* The cry of the kaka was with the ancient Maori the signal to rise.

page 142 silence and solitude around, they were on the point of retracing their steps, when one cried:

‘Is not that a palisading showing redly between the trunks of those trees there?’

A palisading in the deep recesses of the forest seemed an improbability, but all admitted that the object pointed out looked like nothing else. A few steps forward would solve the question and satisfy their curiosity, and these were soon taken, to the unutterable dismay of such of the spies as had tracked the wanderers. Their instructions were not to lose sight of the pakehas, but although they had followed like shadows, they had done so latterly with a shrinking dread which almost palsied them, for every step brought them nearer the sacred grove which formed their hapu's thrice tapued place of sepulture, a place no human consideration would have induced them voluntarily to enter. When, peering through the dense undergrowth, they saw the strangers walk boldly up to the dark red* palisading, and, undaunted by its sanctity, proceed to scale it, all their self-restraint was needed to keep back the cry of horror which rose to their lips.

Unconscious alike of their proximity and of the character of the enclosure, the vivacious Frenchmen scrambled over the fence, not without some difficulty, for it was of considerable height, and chattering volubly, lost no time in gratifying their curiosity, now thoroughly aroused. Once within the sacred precincts, a singular scene presented itself to their wondering view. The palisading surrounded a grove of karaka—the beautiful New Zealand laurel—whose sliming foliage in contrasted finely with the dark red colouring of a multitude of carved images, of the same grotesquely repulsive character as those about the kaingas. These were of many shapes and sizes, from the squat half-length to monstrous statues ranging up to forty feet. Their number was legion; every available space bristled with them. They were uniformly red, and all of surpassing ugliness, despite their fine and elaborate carving. Great eyes of pawa133 shell leered through the greenery; protruding tongues mocked in the open; from the ground frightful abortions grimaced; from aloft giant caricatures glared at the too curious strangers. Above, beneath, on every hand, the red monstrosities obtruded themselves, always with staring shell eyes and out-hanging tongues, until, what with the silence and gloom, the volatile strangers felt their inquisitive ardour something damped. Still, disinclined to go back to their comrades only half-informed upon the features of the singular place, they resolved on a closer inspection, and the distended orbs of the spies—now crouched tremblingly on all fours peering intently between the chinks of the palisading—beheld them scatter themselves with sacrilegious temerity about the sacred enclosure.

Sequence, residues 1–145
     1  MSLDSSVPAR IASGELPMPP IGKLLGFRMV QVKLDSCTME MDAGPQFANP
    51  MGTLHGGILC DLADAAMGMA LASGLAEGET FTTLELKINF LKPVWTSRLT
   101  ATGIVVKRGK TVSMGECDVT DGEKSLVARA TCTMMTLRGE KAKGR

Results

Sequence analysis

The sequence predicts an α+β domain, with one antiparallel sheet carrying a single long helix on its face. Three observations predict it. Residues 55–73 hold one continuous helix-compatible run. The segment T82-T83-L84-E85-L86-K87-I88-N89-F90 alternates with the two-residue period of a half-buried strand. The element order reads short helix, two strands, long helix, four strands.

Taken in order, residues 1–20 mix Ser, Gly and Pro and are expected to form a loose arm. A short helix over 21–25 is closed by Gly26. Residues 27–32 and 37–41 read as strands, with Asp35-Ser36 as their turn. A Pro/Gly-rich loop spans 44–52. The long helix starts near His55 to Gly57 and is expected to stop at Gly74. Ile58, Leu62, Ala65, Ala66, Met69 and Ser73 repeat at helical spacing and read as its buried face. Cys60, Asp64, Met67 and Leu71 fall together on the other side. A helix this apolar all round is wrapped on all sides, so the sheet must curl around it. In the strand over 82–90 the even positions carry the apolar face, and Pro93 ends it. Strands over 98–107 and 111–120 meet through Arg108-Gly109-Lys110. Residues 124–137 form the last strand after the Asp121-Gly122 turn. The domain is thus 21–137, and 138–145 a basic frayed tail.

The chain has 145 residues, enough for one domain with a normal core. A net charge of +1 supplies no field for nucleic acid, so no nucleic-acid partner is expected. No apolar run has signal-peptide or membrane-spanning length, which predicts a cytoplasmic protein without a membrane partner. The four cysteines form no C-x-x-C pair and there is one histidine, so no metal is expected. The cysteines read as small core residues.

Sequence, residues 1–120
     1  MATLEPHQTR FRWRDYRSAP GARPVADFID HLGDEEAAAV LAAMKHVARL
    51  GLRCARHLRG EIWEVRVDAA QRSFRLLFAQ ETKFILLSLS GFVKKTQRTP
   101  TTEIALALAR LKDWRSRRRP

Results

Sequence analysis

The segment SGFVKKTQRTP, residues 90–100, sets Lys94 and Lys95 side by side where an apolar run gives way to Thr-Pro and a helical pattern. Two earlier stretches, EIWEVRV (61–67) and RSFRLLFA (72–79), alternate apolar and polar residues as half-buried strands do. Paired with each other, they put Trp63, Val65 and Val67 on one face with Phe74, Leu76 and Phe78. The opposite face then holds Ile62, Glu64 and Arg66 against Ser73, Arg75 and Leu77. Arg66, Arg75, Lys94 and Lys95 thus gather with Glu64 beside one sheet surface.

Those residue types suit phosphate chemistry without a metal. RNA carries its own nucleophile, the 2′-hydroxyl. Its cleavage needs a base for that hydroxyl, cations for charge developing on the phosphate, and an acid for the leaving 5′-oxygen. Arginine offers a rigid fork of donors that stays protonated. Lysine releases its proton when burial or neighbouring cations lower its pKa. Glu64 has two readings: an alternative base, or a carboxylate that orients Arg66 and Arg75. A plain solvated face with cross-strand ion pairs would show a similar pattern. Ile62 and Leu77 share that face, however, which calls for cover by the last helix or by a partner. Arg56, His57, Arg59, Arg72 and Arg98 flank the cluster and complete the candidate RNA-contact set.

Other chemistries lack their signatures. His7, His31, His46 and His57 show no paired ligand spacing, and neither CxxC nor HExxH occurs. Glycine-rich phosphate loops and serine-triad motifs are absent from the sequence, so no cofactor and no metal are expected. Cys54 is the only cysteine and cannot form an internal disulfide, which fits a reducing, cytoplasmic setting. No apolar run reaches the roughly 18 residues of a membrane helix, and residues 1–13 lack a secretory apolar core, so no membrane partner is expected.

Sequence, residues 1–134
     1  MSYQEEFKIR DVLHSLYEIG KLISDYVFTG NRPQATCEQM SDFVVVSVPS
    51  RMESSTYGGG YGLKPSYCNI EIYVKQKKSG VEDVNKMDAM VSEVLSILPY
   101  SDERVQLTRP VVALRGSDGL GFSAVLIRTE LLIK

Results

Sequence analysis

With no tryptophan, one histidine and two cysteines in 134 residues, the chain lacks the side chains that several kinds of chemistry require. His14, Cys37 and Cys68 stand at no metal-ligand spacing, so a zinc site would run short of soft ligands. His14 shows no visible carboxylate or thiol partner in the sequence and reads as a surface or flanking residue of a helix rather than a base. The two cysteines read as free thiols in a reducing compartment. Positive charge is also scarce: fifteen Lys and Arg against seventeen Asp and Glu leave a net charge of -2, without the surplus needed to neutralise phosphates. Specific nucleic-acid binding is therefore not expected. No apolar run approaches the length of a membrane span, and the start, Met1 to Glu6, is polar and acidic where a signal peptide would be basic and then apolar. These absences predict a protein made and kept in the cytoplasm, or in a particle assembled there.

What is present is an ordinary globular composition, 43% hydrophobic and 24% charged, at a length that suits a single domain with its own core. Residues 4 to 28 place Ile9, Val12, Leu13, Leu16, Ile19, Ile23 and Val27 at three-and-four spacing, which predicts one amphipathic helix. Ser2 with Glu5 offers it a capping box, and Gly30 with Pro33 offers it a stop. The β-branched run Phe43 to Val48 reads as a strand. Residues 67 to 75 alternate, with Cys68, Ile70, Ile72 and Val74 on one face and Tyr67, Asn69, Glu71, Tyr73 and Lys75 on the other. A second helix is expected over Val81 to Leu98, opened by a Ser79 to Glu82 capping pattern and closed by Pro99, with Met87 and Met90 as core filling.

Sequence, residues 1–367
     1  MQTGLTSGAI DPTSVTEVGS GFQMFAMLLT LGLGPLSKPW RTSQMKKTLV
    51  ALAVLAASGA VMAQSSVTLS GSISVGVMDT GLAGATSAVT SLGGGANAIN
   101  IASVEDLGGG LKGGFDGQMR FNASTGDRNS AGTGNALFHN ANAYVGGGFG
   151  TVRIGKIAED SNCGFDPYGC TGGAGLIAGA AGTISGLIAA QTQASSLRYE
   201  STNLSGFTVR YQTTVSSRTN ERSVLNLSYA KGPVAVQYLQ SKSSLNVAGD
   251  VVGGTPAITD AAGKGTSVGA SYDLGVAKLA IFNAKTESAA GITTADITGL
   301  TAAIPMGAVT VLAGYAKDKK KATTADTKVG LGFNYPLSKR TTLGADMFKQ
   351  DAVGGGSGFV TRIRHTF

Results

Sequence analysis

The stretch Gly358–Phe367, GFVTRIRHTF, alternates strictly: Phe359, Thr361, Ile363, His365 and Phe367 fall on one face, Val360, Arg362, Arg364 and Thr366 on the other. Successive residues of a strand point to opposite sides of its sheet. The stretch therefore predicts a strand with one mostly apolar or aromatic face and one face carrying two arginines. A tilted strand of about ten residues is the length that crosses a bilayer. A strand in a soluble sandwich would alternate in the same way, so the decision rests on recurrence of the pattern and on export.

* Red I was the sacred colour of the Maori.